This Amazing Teacher Donated His Kidney to Save His Student's Life
When teacher Ray Coe heard that 13-year-old Ayla Ahmed Ali needed time off for dialysis treatment last summer, he went above and beyond his educational duties by asking his student a simple question: "Can I put my name down as a donor?"
Coe, a 53-year-old special educational needs coordinator, underwent a series of tests, and it was determined that teacher and student were a match. That's pretty astounding, considering there are only one in 100,000 matches between two people who don’t come from the same family.
“I realized the implications and knew what I was doing,” Coe told the Evening Standard. “When we told Alya, she just gave me a big squeeze, and her face lit up. It brings tears to my eyes whenever I think of that.”
Ali suffers from hydrocephalus, a condition that causes fluid to accumulate in the brain and affect mental growth and vision. Some hydrocephalus sufferers also develop epilepsy. The condition is commonly treated with the insertion of a shunt system that diverts the liquid to another part of the body, “where it can be absorbed as part of the normal circulatory process,” according to the National Institute of Neurological Disorders and Stroke.
The condition affects hundreds of thousands of Americans, from infants to the elderly, according to the Hydrocephalus Association.
The surgery for student and teacher took place earlier this year at London’s Great Ormond Street Hospital, and both are expected to return to school just after the Easter holidays.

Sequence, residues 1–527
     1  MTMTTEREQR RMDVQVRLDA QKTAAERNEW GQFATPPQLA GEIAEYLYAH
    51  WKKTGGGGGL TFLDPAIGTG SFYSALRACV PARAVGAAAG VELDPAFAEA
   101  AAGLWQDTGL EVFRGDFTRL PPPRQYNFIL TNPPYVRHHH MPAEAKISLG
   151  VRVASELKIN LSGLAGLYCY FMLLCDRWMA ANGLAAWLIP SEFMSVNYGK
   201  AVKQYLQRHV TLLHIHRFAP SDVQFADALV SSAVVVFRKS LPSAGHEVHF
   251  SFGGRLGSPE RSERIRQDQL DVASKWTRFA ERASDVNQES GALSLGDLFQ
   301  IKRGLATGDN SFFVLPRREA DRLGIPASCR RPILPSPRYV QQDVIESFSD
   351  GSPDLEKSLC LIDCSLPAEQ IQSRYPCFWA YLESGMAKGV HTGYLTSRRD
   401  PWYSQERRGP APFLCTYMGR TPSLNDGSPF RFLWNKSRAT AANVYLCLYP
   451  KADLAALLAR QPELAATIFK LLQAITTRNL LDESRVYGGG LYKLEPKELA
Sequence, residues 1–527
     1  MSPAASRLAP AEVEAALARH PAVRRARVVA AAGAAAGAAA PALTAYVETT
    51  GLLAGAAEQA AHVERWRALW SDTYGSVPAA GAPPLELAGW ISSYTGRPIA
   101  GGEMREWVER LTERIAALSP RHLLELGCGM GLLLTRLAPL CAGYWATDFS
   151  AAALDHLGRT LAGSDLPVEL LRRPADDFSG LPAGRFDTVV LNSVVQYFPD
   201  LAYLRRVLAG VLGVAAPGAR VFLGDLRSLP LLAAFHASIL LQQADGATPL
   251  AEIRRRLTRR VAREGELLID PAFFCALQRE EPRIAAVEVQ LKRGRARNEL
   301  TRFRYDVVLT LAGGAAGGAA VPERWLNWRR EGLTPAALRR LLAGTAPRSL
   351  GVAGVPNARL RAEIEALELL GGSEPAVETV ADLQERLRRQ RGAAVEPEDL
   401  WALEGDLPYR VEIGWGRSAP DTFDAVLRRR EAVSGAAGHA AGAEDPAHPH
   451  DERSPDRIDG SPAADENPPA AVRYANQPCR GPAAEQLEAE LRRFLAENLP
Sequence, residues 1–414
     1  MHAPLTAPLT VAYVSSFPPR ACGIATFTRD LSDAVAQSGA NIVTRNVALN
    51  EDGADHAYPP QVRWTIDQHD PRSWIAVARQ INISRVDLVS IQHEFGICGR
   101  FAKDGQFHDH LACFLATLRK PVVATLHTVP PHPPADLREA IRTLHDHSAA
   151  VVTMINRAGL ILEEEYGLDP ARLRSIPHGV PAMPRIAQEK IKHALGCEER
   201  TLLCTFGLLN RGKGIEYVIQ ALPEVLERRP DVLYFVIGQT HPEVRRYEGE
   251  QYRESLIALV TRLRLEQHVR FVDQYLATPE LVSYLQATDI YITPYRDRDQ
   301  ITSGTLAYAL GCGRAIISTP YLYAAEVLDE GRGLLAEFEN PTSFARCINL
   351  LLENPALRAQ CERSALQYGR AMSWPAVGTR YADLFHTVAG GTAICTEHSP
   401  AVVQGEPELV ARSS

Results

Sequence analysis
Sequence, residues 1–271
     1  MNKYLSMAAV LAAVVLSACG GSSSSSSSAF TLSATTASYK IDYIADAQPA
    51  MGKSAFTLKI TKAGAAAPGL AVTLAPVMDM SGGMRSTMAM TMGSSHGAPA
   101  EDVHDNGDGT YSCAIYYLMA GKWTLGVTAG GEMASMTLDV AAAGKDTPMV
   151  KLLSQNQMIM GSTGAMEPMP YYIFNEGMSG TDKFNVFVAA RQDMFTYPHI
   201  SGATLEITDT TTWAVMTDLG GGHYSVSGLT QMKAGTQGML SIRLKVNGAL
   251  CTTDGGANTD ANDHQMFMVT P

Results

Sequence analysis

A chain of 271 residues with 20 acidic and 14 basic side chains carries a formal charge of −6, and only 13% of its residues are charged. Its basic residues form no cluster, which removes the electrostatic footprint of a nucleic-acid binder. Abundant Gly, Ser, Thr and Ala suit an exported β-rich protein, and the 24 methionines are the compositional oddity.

Alya’s father, Ahmed Ali, called her teacher a “hero and a lifesaver.”
“Ray has given Alya much more than just the gift of life. He’s an amazing man, we owe him so much,” he told the paper.
The teenager now considers her teacher family, and the feeling is mutual. “For them I have saved their daughter’s life,” Coe said. “It’s like I am another family member now.”
The world needs more heroes like Coe—more than 80,000 people are on kidney transplant waiting lists, according to the Living Kidney Donors Network Mission. In simpler terms, “there are more than enough people waiting for an organ to fill a large football stadium twice over,” according to the U.S. Department of Health and Human Services. Kidney Chain, which pairs kidney donations initiated by a donor who offers a kidney without a designated recipient, creates an awe-inspiring opportunity to save dozens of patients in one go.
This article was created as part of the social action campaign for the documentary TEACH, produced by TakePart's parent company, Participant Media, in partnership with Bill and Melinda Gates.